EV Engineering News

Scientists increase manufacturing speed of electrode foils by 3x, promising lower costs

battery electrodes - Karlsruhe Institute of Technology

Researchers around the world are working on improving various aspects of battery performance – capacity, charging speed, usable life. Scientists at the Karlsruhe Institute of Technology (KIT) are focusing on the speed with which they can be manufactured, which has a direct effect on costs.

The researchers have increased the manufacturing speed of electrode foils coated batch-wise by a factor of three, using a flexible slot die process that enables production of any pattern with high precision at high speeds.

After three years of research, a team headed by Professor Wilhelm Schabel and Dr Philip Scharfer has succeeded in increasing the speed of intermittent production of electrode foils to 100 meters per minute. So far, 25 to 35 meters per minute has been the industrial state of the art.

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When producing an electrode foil, a slurry containing the active material, carbon black, binder, solvent, and additives is applied onto a substrate foil made of copper (for the anode) or aluminum (for the cathode). The coating is often processed continuously, but intermittent coatings are associated with a superior processability for subsequent process steps.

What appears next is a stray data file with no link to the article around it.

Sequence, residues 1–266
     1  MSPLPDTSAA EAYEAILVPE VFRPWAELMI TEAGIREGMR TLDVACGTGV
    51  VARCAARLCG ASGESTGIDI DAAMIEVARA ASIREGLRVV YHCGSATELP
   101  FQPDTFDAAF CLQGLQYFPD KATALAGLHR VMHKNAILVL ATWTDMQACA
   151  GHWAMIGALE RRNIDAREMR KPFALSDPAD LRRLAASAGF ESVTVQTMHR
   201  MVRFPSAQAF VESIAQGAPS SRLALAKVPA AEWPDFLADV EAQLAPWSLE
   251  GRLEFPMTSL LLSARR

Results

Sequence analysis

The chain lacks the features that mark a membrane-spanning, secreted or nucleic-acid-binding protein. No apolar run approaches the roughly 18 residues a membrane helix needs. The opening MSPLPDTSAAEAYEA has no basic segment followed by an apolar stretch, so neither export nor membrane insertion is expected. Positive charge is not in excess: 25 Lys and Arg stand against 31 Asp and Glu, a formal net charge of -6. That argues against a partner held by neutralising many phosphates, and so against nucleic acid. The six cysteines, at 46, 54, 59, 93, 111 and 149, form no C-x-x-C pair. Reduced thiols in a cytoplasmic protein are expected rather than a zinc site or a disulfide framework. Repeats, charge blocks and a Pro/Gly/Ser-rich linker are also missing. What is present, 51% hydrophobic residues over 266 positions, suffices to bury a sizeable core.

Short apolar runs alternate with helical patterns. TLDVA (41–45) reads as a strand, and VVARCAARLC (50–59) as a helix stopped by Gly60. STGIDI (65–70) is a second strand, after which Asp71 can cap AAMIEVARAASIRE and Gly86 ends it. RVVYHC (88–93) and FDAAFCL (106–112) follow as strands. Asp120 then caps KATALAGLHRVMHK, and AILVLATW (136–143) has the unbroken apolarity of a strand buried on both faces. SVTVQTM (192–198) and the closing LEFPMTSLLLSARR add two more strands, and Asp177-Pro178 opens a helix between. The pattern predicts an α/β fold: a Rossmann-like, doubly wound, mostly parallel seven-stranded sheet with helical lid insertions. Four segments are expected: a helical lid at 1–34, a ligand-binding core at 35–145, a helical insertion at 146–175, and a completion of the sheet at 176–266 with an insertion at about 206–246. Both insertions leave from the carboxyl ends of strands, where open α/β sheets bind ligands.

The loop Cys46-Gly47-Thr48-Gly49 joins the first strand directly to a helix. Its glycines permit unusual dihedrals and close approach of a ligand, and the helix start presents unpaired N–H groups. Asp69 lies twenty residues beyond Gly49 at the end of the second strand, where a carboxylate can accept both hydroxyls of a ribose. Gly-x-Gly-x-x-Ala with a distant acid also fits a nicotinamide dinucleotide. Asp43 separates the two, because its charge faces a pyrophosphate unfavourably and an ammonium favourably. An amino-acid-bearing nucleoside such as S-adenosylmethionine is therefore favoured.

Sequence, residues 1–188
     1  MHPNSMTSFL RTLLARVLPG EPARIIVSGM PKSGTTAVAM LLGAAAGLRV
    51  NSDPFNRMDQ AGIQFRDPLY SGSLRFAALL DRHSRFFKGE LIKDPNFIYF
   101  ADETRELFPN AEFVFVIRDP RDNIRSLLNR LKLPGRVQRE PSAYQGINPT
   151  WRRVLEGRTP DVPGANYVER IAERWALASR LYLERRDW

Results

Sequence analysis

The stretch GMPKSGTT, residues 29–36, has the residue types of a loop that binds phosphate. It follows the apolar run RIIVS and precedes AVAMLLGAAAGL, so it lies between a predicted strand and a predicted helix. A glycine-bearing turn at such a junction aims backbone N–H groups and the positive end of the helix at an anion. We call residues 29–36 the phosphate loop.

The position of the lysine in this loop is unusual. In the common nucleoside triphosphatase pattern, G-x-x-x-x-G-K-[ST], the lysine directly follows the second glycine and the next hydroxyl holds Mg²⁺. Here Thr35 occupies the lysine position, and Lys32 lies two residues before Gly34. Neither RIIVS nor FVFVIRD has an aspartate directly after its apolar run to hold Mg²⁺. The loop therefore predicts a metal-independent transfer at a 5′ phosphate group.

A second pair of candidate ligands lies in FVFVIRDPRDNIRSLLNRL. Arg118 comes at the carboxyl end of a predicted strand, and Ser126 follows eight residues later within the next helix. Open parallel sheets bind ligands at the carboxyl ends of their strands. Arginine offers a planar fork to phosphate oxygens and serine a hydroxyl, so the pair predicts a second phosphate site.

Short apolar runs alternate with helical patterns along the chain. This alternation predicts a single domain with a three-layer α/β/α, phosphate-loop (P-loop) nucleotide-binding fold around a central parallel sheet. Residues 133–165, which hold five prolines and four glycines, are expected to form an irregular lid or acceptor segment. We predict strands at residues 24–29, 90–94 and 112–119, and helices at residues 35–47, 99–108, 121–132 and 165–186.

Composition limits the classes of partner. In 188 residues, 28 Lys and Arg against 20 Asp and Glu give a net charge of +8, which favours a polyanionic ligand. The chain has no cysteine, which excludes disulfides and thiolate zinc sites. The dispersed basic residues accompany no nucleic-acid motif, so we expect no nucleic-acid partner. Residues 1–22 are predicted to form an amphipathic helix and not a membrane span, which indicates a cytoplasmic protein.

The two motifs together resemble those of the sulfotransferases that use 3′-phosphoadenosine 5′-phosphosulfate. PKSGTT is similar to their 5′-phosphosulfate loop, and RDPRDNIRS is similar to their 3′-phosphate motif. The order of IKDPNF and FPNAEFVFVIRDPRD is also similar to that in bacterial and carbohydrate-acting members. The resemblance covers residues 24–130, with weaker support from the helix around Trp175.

“In the case of intermittent coating, defined start and stop edges are required no matter the coating speed,” Schabel explains. “In our process this is achieved by a membrane that quickly moves back and forth in a controlled manner in the coating head, i.e. in the slot die.” No other movable parts are required. This allows high frequencies of up to 1,000 electrode patterns per minute, and highly precise coating.

Using a similar process, the KIT scientists have already successfully produced electrodes for EVs at pilot scale. “The new coating technology, in combination with the helix technology developed and patented by KIT for the production of spirally wound lithium-ion batteries, offers the potential of reaching cost leadership,” said project leader Dr Andreas Gutsch.


Source: Karlsruhe Institute of Technology via Science Daily


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